Her father reached across the table, squeezed her hand, and assured her they wouldn’t try to second-guess her career choice; that they would always support whatever she decided to do. ‘But the other was a long time ago, darling. Seven years. I think it would be next to impossible to come up with any evidence now. We tried then. We really tried. But the authorities were a closed book. You must remember how they were.’
‘I know. I know we did, Dad,’ attempting finality in her tone to stop this train of the conversation. Cassandra knew her father still laboured under a burden of guilt, that as an attorney, he hadn’t been able to get the Pakistani authorities to release any information or evidence on who murdered her journalist husband. And even though her rational side knew he was right, she’d never been able to let it go and did intend to try again; there just wasn’t any point in discussing it with them.
‘You won’t go there without telling us first, will you?’ This came from her mother.
‘No, of course not.’
It was 1989 when she’d first met him – the fall she had turned twenty-six. He was older, and at thirty-nine, and dangerously handsome in a dark Mediterranean way. He had a wicked sense of humour, and was passionately opposed to American and British imperialistic politics. Claude had told her that, as a journalist, he’d cut his teeth freelancing in Cambodia during the last year and a half of the upscale of violence before the bloody fall of the Khmer Rouge. His stories had caught the attention of the mainstream media where, for a while, he’d been a stringer for the UPI. After Cambodia it had been the Middle East, South Africa, then back to the Middle East . When the Soviets moved troops into Afghanistan in 1979, and the cry of foul arose in the West, Claude was there providing up-close coverage for Le Monde. But a decade later, the paper had sent him to New York as their official correspondent for the United Nations. It wasn’t the beat of his choice, but the desk editor had insisted. He could still cover the field when a major story broke, the paper said. But New York was where the most seasoned international correspondent for the prestigious publication was needed.
Later, when Claude charmingly confessed to her that he’d deliberately bumped into a beautiful, auburn-haired, university Fellow in the crowded atrium at the UN, she’d laughed; he often made her laugh. His flashing dark eyes, rakish smile and brash sensuality also shortened her breath and made her heart race. Within a week they’d become lovers. Rather than distract her academic focus, his penetrating mind and challenging quick wit was a form of mentoring that added detail and dimension to her coursework in international economics. Like an artist who saw not only the shape and contour outline of a pomegranate – or a multilateral financial institution – he knew the texture, the intricate arrangement of seeds held in place by pulpy flesh, their exact order, size, and the subtlety of variegating colours; the amount of sweetness in the taste. He knew all the stages of deterioration when exposed to air, how the skin could appear bright and smooth yet cover rottenness at the core.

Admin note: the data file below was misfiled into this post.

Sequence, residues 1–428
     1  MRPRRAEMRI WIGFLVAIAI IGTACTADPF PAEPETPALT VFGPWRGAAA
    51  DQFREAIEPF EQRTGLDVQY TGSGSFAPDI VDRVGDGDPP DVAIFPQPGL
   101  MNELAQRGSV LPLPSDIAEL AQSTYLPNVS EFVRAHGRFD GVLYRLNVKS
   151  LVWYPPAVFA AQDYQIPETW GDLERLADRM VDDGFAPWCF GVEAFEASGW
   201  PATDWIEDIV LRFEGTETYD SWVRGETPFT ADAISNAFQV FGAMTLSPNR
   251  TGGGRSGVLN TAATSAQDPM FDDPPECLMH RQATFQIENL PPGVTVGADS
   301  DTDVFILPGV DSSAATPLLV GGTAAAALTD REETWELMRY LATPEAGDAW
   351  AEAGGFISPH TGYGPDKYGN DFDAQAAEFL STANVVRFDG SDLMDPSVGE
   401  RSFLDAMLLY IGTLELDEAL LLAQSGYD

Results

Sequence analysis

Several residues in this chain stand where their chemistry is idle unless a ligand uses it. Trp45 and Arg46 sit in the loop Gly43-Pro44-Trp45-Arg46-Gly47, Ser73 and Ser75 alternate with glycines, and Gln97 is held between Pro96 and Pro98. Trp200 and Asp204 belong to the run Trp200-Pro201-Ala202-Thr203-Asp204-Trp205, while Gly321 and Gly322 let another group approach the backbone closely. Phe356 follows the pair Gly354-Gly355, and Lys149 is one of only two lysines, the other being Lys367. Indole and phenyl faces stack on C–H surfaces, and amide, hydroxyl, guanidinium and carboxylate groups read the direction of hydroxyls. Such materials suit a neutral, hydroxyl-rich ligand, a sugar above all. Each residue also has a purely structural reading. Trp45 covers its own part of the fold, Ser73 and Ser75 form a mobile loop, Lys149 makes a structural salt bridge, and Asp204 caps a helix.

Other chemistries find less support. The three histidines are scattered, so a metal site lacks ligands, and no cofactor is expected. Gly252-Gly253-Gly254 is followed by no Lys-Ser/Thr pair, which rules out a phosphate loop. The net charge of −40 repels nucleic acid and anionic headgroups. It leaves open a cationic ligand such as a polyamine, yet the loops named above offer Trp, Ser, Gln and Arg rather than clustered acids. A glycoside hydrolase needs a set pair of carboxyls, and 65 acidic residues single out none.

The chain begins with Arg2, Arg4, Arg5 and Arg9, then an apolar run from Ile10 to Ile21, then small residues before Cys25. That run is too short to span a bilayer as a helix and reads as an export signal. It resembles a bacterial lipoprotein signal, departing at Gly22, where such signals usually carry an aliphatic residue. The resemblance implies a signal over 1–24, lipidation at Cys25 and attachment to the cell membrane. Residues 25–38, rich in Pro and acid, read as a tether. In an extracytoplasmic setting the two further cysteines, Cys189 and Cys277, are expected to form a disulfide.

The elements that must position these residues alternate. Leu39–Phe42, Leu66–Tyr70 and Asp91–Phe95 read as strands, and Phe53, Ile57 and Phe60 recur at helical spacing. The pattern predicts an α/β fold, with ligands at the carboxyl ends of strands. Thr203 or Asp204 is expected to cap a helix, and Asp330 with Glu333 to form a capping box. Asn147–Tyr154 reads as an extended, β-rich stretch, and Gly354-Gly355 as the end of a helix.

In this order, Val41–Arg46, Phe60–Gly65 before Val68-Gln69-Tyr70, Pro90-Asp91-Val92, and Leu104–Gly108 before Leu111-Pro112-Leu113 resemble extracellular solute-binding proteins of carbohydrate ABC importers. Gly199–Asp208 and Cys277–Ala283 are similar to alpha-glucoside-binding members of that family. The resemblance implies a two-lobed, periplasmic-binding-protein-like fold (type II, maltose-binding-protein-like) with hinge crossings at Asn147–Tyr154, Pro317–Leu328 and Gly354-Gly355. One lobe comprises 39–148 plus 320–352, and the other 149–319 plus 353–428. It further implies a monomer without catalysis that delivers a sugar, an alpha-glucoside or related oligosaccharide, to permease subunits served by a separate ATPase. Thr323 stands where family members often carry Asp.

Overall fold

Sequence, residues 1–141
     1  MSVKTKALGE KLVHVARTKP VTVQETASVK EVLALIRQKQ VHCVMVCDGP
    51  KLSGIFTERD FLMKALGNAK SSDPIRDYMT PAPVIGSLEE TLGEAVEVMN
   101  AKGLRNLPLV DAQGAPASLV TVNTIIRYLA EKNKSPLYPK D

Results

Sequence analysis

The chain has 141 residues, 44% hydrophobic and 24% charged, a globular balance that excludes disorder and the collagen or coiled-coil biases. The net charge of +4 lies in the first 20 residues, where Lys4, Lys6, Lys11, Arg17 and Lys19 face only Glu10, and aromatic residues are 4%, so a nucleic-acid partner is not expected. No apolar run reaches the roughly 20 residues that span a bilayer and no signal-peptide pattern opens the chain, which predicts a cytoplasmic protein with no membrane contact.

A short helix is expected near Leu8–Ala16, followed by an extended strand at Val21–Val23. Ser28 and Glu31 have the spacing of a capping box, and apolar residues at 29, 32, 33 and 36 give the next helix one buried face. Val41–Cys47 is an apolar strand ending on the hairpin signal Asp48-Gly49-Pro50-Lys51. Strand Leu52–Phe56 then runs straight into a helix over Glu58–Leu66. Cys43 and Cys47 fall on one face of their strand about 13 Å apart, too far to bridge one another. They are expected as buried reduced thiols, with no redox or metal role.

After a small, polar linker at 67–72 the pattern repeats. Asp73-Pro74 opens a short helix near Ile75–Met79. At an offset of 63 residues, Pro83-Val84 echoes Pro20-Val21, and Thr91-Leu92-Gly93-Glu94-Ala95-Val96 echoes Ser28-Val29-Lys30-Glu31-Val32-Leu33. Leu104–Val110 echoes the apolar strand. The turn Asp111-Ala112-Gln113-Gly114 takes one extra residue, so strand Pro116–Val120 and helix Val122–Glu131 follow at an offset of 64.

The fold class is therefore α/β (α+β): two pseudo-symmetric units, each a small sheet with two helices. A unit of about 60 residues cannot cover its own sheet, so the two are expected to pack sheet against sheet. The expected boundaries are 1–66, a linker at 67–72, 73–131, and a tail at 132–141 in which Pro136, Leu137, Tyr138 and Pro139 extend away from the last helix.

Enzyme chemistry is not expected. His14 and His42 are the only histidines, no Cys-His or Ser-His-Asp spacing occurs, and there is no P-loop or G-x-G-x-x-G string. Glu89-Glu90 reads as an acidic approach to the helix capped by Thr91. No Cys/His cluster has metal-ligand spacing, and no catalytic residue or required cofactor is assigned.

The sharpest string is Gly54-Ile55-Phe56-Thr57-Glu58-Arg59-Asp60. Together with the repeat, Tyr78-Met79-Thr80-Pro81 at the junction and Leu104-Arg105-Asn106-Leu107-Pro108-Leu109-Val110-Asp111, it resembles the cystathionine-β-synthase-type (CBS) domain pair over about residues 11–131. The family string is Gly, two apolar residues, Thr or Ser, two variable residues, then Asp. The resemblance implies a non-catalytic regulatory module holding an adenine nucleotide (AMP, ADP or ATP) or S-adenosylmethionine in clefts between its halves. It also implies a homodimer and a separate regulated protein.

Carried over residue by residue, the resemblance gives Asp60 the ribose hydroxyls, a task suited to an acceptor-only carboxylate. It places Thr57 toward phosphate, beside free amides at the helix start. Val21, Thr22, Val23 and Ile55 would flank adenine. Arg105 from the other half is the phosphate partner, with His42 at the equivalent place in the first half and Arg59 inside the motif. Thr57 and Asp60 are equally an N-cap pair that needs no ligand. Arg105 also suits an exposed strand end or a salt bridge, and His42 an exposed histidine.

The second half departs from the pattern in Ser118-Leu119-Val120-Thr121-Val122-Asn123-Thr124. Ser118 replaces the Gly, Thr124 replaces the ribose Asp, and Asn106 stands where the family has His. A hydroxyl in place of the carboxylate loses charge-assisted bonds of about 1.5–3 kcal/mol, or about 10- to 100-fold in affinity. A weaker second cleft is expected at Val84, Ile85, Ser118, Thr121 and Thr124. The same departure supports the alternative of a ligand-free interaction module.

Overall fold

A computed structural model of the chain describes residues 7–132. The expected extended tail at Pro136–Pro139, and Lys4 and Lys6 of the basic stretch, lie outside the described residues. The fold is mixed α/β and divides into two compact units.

Because her degree emphasis was in international economics he loved baiting her. One of his favourites was to impugn the morality and effectiveness of institutions like the World Bank and the International Monetary Fund. ‘They’re modern-day carpetbaggers, my sweet,’ he told her. ‘I hope you’re not getting that expensive education in order to join their ranks.’ But even as their brains engaged, he was stroking her cheek, or he was twisting his fingers in her long auburn hair – criniere aux refleter cuivres, he called it, glinting copper in the sunlight – or he was exploring her thigh under the long white tablecloth in their favourite neighbourhood restaurant.
Cassandra knew her parents wouldn’t approve. They couldn’t help wanting the best for their only child and she knew he wasn’t the up-and-coming Yale lawyer or Harvard economist they had in mind for her. Through their eyes, Claude would appear a scruffy, too-old, radical Frenchman who needed a haircut and was ravaging their princess. So when he’d asked her to come to Paris over Christmas – he wanted the woman he planned to marry to meet his parents and sister – she had to muster the courage to tell them.
‘Is this some type of delayed rebellion syndrome?’ her father’s cheek muscles had flinched in their tightness. Something Cassandra had rarely witnessed.
‘Darling, you’re so young yet, and you’ve only known him a few months. And he’s… he’s so much older. And… well, he’s charming and erudite, but his lifestyle is too alien to make a good husband, don’t you think?’
This had come from her mother.
It was after they’d met him, after the trip to Paris, and after she’d said yes.
They were married in February on Valentine’s Day.
It was in June that Claude had seen the article in The New York Times that would forever change both their futures. ‘It’s too dangerous, Claude. This is way beyond journalism. It’s trying to out-CIA the CIA. Why are you so driven to do this?’ she had asked him.